Pitx2 Adjacent Noncoding RNA: A New, Long, Noncoding Kid on the 4q25 Block

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Colleges, School and Institutes

Abstract

Almost a decade ago, the deCODE (geCODE genetics Inc, Reykjavik, Iceland) consortium published the first genome-wide analysis of common gene variants associated with atrial fibrillation (AF). They found a gene variant on chromosome 4q25, ≈150 kB upstream of the PITX2 gene, to be the most important risk variant predisposing to AF.1 This initial observation has since been replicated and refined: We know of at least 6 independent single nucleotide variants, located at a 25 to 200 kB distance from the PITX2 gene, which modify the risk for AF.2 Furthermore, the risk allele of the initial variant is associated with recurrent AF in several clinical settings.

See Article by Gore-Panter et al

The initial observation has added a new dimension to our understanding of the mechanisms causing AF. Several research groups took this initial finding and studied the function of PITX2, a transcription factor with a known function in the development of heart and lungs, in the adult heart and specifically in the left atrium. Several important observations have been reported: PITX2c is expressed in the adult human and murine left atrium,3 whereas it is virtually absent in other parts of the adult heart. Genetic modifications that reduce left atrial PITX2 mRNA levels predispose mouse hearts to inducible AF.3–5 Reducing PITX2 levels alters the expression of several relevant left atrial genes,6 and the effects of PITX2 on gene regulation are partially mediated by the miR-17 to miR-92 complex.7 Preliminary analyses suggest that PITX2 …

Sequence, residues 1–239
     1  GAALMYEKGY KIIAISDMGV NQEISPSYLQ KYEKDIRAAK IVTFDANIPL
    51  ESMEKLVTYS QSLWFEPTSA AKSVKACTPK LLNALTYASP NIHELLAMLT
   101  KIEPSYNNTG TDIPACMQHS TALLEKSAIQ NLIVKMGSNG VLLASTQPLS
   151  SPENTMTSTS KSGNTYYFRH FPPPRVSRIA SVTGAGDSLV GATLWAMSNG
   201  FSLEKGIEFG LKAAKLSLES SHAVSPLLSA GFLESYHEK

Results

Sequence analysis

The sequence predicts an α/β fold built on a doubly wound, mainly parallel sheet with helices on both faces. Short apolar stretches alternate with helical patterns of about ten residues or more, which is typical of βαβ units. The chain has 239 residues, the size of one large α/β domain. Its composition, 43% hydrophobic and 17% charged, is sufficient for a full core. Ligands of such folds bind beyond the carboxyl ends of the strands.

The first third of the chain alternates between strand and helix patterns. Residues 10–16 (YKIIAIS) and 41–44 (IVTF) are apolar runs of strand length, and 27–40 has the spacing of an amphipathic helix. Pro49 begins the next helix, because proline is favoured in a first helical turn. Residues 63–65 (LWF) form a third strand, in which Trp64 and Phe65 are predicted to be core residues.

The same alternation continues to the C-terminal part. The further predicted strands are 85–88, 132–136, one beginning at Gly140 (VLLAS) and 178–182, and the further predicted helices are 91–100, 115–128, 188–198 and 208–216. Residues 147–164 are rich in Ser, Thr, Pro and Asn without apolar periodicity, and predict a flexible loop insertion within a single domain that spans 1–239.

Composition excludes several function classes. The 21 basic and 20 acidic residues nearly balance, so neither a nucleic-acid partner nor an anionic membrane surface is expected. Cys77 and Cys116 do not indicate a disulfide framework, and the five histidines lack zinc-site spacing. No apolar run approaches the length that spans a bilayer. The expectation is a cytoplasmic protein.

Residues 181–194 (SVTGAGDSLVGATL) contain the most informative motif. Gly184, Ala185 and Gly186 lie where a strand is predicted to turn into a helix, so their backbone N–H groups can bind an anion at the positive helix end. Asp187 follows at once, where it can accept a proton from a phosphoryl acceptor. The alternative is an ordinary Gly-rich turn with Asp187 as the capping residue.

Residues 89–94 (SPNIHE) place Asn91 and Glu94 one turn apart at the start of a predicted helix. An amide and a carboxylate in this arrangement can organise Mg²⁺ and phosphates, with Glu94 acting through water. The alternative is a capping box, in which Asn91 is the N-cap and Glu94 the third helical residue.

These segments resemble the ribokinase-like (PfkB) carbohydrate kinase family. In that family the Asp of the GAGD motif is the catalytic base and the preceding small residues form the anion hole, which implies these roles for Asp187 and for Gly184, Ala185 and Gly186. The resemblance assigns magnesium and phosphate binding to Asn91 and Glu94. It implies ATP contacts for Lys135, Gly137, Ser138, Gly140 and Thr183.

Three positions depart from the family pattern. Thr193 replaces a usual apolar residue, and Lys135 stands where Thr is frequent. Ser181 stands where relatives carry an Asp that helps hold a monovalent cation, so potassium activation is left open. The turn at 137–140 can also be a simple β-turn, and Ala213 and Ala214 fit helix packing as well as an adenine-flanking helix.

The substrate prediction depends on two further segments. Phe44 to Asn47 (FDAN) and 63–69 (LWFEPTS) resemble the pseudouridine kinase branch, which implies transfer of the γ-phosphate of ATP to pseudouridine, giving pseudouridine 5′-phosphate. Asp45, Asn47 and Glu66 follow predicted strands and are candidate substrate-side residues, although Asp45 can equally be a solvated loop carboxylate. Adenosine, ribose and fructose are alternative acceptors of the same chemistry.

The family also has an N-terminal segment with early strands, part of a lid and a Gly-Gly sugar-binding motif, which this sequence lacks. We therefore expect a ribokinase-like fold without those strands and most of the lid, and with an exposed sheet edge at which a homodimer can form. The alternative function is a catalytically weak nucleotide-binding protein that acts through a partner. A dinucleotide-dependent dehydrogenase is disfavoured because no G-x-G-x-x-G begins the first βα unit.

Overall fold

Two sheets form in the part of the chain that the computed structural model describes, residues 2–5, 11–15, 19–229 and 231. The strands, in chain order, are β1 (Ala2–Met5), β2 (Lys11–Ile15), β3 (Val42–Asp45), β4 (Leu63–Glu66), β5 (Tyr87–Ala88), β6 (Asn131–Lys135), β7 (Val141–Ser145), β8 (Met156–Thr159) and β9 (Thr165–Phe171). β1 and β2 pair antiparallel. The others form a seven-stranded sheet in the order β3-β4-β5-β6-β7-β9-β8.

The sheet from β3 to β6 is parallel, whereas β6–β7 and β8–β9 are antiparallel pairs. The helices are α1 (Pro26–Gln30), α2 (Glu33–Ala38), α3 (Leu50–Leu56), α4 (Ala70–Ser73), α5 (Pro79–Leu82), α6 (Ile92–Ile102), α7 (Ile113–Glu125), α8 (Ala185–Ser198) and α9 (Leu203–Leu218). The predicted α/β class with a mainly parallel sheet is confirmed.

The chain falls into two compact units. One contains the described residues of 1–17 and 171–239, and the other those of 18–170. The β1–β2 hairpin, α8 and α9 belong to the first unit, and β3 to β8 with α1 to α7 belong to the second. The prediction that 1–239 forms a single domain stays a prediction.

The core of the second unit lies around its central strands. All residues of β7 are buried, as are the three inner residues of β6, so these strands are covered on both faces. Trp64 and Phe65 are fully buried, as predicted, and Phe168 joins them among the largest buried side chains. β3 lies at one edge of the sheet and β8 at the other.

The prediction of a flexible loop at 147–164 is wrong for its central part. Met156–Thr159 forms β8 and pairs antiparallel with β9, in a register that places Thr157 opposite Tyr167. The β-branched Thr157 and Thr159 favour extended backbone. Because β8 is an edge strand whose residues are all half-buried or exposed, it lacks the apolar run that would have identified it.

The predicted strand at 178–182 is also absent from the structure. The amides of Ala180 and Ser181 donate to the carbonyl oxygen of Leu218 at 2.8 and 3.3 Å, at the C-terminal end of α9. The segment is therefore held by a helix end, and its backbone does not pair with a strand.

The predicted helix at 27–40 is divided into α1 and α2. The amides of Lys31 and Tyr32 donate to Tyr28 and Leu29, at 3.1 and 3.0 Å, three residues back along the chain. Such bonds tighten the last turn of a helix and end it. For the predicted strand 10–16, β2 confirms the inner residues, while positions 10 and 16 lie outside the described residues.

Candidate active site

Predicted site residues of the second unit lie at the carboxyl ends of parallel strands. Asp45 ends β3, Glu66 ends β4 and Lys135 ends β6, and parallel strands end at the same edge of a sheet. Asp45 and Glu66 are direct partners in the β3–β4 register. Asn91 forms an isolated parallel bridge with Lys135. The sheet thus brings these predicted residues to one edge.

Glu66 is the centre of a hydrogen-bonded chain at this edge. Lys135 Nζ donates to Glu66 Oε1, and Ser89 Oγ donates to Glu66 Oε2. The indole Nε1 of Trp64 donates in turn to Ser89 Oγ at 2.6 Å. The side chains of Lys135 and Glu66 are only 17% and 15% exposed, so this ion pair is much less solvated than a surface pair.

Details

Original languageEnglish
Article numbere003808
JournalCirculation Arrhythmia and Electrophysiology
Volume9
Issue number1
Early online date18 Jan 2016
Publication statusPublished - Feb 2016

Keywords

  • Editorials, arrhythmias, cardiac, atrial fibrillation, genetic association studies, left atrial function, polymorphisms, single nucleotide, PITX2, transcription factors